Silent Transformations: Ecological Destruction as Spiritual Practice
with Adam Lobel & Michelle King & Fitzhugh Shaw
February 2 / 9:00 AM - February 2 / 4:00 PM
loving what we are losing
Our workshop is one part spiritual support amidst extreme ecological destruction and one part cultivating the fearless inner being, imagination, and relationships to heal our local region. Healing our being, healing our communities, and healing our living region are one gesture. This will be the winter session and we will attune to the season: rest and dormancy. We will then gather again in the spring, summer, and autumn. Each session is open to all and you need not attend all four. All are warmly welcome.
Mindfulness practices offer emotional resilience to attend to climate disruption without falling apart. But what if it is time to fall apart? And what if what we need in order to fall apart is to fall in love with what we are losing? What if spirituality is not only to help us hold-on in the midst of precarious change, nor simply to let-go, but to cultivate a different, deeply thankful, way of living? What do we need to love, let go of, and risk in order for new ways of life to emerge? How might spiritual practices such as meditation help us to invite individual and shared ways of being that go beyond holding on to the status quo of the global capitalist culture that created the ecological crisis? The theme running throughout this year of Silent Transformations will be the risk of appreciation: what happens for us when we love and feel gratitude for our planet and feel what is dying and what we are destroying all around us and within us?
Join us for a daylong workshop in cultivating a spiritual practice attuned to the reality of ecological destruction and to learn more about ecological activism in the Pittsburgh region.
For a preview of the entire series, please click here.
Hosted by Michelle King, Adam Lobel, and Fitzhugh Shaw
To register: Please use the yellow registration button at bottom of page.
Suggested donation: -, or pay what you can. No one will be turned away for lack of funds.
Questions? Please contact Sarah.
Michelle King, Learning Instigator. Love Activist. Transformer.
Michelle King is a learner first and foremost and as well as an instigator of learning. Professionally, she is a middle school teacher and has taught over 22 years in public schools in Western Pennsylvania. She learned and honed her craft in Mt. Lebanon with a fantastic crew of educators and students for over 16 years. In her quest to instigate courageous conversations about learning and children, she has ventured to The Environmental Charter School and their principles (Catalyst. Character. Collaboration. Commitment.) She co-taught Cultural Literacy, an integrated social sciences and English/Language Arts course. She is constantly seeking to create dynamic learning experiences and opportunities that inspire wonder, discovery, contradictions, frustrations, and joy. In making connections locally and globally, Michelle pushes the envelope and boundaries of where learning should occur for all students. Her current interests are in game based learning, design, restorative justice, equity, social justice, and teacher empowerment. Through her partnerships with the Western Pennsylvania Writing Project, Green Building Alliance, SocialVR, Carnegie Science Center FAB Lab, Girl Up, CREATE Lab, Carnegie Museum of Art, the Remake Learning ecosystem, ThinkZone Games and other provocateurs; Michelle is helping to create equitable, empathetic, learning experiences for all Pittburghers.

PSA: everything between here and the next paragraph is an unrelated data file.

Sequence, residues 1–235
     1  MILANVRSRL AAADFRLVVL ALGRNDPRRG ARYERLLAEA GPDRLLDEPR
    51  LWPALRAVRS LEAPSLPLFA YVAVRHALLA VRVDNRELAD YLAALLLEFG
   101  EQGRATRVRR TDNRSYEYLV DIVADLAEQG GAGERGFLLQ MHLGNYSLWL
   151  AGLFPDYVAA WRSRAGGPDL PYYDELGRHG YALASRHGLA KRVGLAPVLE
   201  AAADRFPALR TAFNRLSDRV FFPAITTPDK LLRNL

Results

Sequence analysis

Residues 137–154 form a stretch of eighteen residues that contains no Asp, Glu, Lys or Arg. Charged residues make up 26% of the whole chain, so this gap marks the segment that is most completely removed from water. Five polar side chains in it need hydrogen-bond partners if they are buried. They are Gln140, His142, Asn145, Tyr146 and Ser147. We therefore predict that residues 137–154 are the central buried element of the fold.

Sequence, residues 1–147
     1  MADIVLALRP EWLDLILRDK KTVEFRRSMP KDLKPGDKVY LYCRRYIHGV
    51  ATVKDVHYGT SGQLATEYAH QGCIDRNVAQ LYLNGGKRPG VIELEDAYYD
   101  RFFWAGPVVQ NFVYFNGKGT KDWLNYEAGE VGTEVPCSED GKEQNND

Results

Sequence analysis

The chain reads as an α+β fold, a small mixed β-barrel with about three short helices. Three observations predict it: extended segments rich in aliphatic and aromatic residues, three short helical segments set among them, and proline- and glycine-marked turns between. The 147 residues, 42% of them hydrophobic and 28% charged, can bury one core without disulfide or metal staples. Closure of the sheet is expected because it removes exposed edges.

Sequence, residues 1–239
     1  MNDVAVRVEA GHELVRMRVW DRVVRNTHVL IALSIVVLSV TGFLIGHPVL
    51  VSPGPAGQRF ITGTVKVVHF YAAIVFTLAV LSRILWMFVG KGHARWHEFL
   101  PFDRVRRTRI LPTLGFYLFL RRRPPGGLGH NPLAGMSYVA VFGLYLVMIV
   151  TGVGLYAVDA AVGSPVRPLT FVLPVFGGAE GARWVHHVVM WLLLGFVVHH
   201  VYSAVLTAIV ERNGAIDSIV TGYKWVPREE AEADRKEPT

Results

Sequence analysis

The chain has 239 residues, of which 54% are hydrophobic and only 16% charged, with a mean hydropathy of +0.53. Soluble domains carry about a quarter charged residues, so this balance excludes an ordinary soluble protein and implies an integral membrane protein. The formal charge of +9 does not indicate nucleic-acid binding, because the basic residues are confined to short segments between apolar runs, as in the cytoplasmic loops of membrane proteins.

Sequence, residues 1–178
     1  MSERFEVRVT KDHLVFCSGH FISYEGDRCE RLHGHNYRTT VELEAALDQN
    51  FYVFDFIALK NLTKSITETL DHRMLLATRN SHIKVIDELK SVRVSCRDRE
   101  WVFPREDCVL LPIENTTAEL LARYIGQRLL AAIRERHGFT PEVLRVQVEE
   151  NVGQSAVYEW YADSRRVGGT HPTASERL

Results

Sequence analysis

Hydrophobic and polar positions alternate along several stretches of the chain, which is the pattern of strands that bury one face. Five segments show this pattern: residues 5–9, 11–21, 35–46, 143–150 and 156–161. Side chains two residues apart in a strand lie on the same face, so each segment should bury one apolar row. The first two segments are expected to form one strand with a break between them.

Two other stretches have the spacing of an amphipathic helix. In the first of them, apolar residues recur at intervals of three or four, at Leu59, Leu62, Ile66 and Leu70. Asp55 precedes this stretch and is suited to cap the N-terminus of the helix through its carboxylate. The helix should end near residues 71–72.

Michelle’s Current Conundrums: How might we create empathetic institutions that remind us of our humanity? How might we re-design for equity and social justice in and out of school learning? How might we design learning institutions to build connections? How might we allow those connections help us re-see the worlds we inhabit? How might we embrace silence in our lives?
Acharya Adam Lobel
Adam Lobel, PhD, Harvard University, is a scholar of philosophy and religion and a longtime meditation teacher (Acharya) in the Shambhala tradition. His research focuses on the Great Perfection (Dzogchen) tradition of Tibetan Buddhism, modern phenomenology, and inoperative studies (Heidegger, Foucault, Agamben). He is a Greenfaith fellow, has taught alongside Joanna Macy and others in the Ecosattva Training, and is active in ecological and social justice movements. Adam teaches a critical style of contemplative training that seeks to avoid being enclosed by neoliberal mindfulness while still disclosing effortless awareness. He lives in Pittsburgh, PA with his wife and two sons.
Fitzhugh Shaw is a senior student, meditation instructor, and teacher at Shambhala Pittsburgh. He studies food justice and the political economy of modern agriculture, along with community organizing. He lives in Pittsburgh, Pennsylvania with his wife and daughter.